|Title||Directed by||Written by||Original air date||US viewers|
|11||1||"Rod Man Out"||Peter Lauer||Andrew Orvedahl||October 6, 2016||0.339|
|The gang returns after a lackluster summer and are quickly met with a host of new changes when Tammy announces that she has rehired a now sober Rod. They struggle to adjust to the new Rod and quickly scheme to get him off the wagon. When Tammy finds out, she decides to finally fire the guys but a new principal arrives and gives them a clean slate and demotes Tammy back to secretary.|
|12||2||"Foreskin in the Game"||Nancy Hower||Adam Cayton-Holland||October 13, 2016||0.239|
|When Cattie, the new principal, recruits Fairbell as her new assistant, Loren feels left out and jealous. Meanwhile, Billy recruits Abbey to help him with complications from a reverse circumcision, which leads Cattie to suspect Abby is a witch.|
|13||3||"Plains High School Drifter"||Nancy Hower||Chris Marrs||October 20, 2016||0.242|
|When Cattie hires a former Denver Bronco to be the new football coach, the entire school gets caught up in hero worship except for Billy, who is fired for refusing to remove players from academic probation and poses as a female substitute to get his job back, and Tammy, who suspects (correctly) that the new coach is robbing the school blind. Meanwhile, Abbey is thrilled to make friends with the new female substitute, completely unaware that it's Billy in disguise, and Loren tries to prove his mettle as assistant football coach.|
|14||4||"8 Mile High"||Peter Lauer||Adam Cayton-Holland||October 27, 2016||N/A|
|Loren becomes obsessed with rap battles and assembles a crew consisting of himself, Shoemaker and Fairbell to compete. Meanwhile, a lonely Abbey finds herself getting caught up in the gang life and Shoemaker tries to connect with Rod now that he's dating Rod's mother.|
|15||5||"White Guilt Trip"||Matt Sohn||Ben Roy||November 10, 2016||0.256|
|After a racist piece of school history comes to light, Shoemaker volunteers to host a group of Native American students and ends up going overboard on political correctness. Abbey, temporarily shut out of the library, volunteers to help Fairbell teach his health class. Meanwhile, Loren and Rod start their own microbrewery on school grounds.|
|16||6||"The Trial of Geoffrey Quinn"||Bobcat Goldthwait||Andrew Orvedahl & Joey Slamon||November 10, 2016||0.191|
|Quinn finally receives his day in court which quickly turns into a circus when Quinn turns down a plea deal (a slap on the wrist and a fine), and then waives his right to a trial by jury (because the jurors were all like him). The prosecution quickly dismantles Abbey, Fairbell and Shoemaker on the stand leading Quinn to dismiss his lawyers and call Loren as his key witness. However, the prosecution breaks him as well. In the end, though, the judge finds no intent and Quinn is acquitted. Meanwhile, Cattie tries to improve the school's image in the press and pays Leslie to clean up the school and make it and the students look perfect which leads Rod, having just awakened from torching his and Loren's microbrewery, to believe it's 2025 and the school's been taken over by North Korea, a notion Tammy does nothing to discourage.|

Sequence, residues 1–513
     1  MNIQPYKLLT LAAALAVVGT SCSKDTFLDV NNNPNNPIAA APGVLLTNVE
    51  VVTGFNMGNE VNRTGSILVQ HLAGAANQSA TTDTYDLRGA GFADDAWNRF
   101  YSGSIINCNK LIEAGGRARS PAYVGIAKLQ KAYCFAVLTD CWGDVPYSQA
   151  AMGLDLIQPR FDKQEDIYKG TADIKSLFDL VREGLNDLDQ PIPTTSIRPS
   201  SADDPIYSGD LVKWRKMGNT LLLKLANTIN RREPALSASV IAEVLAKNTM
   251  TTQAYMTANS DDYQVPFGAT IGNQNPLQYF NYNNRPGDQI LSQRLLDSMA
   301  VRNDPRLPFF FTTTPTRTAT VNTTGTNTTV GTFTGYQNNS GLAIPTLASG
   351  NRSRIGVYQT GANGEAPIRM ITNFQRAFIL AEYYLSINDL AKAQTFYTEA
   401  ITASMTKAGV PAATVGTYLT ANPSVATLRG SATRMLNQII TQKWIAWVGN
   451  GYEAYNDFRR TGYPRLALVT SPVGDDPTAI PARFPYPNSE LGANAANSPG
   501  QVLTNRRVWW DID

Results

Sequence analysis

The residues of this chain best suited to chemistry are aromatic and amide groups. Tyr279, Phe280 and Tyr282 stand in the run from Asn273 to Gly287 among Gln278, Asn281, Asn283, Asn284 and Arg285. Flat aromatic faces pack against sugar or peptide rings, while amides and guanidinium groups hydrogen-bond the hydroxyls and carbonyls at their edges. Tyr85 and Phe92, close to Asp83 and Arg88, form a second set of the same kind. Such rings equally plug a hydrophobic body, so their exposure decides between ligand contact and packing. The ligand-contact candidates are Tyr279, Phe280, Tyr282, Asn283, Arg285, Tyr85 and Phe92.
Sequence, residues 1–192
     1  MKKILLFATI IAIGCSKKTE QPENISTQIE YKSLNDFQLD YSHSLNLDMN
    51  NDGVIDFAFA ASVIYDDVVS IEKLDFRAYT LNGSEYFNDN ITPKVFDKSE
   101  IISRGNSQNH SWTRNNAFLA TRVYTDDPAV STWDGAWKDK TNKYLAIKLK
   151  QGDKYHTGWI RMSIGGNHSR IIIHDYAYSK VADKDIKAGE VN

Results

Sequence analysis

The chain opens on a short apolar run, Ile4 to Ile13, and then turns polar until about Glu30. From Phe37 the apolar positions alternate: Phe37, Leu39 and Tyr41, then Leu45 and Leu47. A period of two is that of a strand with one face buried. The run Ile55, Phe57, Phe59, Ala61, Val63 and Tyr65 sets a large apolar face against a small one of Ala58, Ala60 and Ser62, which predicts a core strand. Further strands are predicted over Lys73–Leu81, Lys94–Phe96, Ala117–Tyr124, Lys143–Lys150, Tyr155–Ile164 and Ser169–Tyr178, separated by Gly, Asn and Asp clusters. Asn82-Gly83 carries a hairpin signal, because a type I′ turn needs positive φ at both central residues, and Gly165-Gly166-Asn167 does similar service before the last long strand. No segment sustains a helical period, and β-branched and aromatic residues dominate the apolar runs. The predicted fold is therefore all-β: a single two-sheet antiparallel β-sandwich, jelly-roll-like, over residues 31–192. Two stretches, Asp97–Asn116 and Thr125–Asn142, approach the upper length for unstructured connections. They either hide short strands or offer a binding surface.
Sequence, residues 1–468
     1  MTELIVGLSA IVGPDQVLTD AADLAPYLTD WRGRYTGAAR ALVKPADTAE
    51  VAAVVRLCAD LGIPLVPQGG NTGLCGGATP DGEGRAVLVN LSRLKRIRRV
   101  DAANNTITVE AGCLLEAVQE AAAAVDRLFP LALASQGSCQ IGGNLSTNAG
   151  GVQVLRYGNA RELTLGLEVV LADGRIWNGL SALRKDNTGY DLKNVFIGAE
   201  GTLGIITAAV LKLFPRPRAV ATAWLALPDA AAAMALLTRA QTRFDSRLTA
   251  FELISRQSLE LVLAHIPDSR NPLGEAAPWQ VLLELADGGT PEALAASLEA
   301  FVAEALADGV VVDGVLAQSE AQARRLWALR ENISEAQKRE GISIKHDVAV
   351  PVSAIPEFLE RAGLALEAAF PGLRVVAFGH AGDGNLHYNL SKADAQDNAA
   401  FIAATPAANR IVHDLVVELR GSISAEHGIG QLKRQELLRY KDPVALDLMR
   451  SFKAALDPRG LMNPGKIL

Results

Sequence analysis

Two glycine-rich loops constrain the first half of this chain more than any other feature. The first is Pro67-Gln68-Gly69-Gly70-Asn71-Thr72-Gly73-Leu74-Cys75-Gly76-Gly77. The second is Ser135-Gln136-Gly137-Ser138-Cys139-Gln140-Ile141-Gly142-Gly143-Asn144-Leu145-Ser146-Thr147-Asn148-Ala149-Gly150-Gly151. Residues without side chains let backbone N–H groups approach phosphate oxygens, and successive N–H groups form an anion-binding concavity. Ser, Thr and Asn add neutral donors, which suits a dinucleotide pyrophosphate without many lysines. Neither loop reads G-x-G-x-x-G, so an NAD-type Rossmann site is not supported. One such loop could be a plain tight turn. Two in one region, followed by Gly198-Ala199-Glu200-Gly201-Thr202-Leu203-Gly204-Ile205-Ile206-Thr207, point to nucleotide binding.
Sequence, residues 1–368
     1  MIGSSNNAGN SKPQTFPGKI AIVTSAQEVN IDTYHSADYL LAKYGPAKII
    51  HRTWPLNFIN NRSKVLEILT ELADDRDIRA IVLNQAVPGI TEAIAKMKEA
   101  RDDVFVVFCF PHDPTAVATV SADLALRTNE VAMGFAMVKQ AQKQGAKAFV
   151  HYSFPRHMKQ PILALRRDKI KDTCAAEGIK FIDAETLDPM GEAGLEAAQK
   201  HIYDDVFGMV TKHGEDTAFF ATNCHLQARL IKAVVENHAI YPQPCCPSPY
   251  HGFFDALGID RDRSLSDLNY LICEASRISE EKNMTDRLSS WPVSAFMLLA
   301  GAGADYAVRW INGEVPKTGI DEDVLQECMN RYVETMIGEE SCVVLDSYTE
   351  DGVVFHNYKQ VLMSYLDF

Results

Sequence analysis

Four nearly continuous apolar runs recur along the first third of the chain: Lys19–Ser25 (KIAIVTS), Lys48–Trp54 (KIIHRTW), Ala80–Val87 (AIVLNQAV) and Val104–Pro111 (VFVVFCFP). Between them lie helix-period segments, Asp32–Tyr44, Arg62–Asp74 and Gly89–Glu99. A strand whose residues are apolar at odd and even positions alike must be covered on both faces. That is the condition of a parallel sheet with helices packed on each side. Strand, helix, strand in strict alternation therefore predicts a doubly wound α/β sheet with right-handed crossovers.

|17||7||"Detergent Dawn"||Bobcat Goldthwait||Dean Lorey||November 17, 2016||0.151|
|Loren finally finishes his novel but it's accidentally printed out in the library. The book becomes a hit amongst the students but problems arise when Cattie proclaims the book as smut and bans it. Shoemaker, sensing an opportunity, becomes Loren's agent and tries to market the book. Abbey, however, is inspired by Quinn, now the school janitor, to pirate the book. When a student claims to have written the book and Abbey hosts a Q&A with him, Loren finally reveals himself as the author, causing Cattie to have a breakdown. Quinn feigns outrage at Loren and Abbey and Cattie concedes the principal job to him.|
|18||8||"A New Dog In The Yard"||Peter Lauer||Ian McLees||November 17, 2016||0.112|
|Everyone welcomes Quinn back as principal but Quinn is still struggling to readjust to life outside of prison. After being attacked by Quinn for making prison jokes, Shoemaker feels emasculated and overcompensates by taking testosterone shots. Fairbell takes over as wrestling coach but goes overboard and turns it into a pro wrestling circus while Abbey starts dating the other school's coach. Loren, too, starts dating and looks for romantic advice but soon realizes he's dating the ex-wife of Abbey's new boyfriend. Meanwhile, Tammy looks for ways to help Quinn readjust to civilian life.|
|19||9||"Normal Activity"||Bobcat Goldthwait||Andrew Orvedahl & Joey Slamon||December 1, 2016||0.150|
|Quinn recruits Loren, Shoemaker, Fairbell, Abbey and Phil to have an overnight stakeout at the school to discover who's been spray painting pentagrams. Things get out of hand, though, when Fairbell is seemingly possessed, leading to Quinn and Abbey staging an exorcism, and Shoemaker's girlfriend, Doris, mysteriously dies, prompting he and Loren to hide the body after Shoemaker keeps getting texts from her. In the end, Fairbell's possession is revealed to just be a caffeine overdose and Rod reveals Doris had syphilis, which is what killed her. Phil reveals that he's the one painting the pentagrams, as he is a practicing Satanist, but nobody believes him.|
|20||10||"Elect-ile Dysfunction"||Jay Karas||Ben Roy||December 1, 2016||N/A|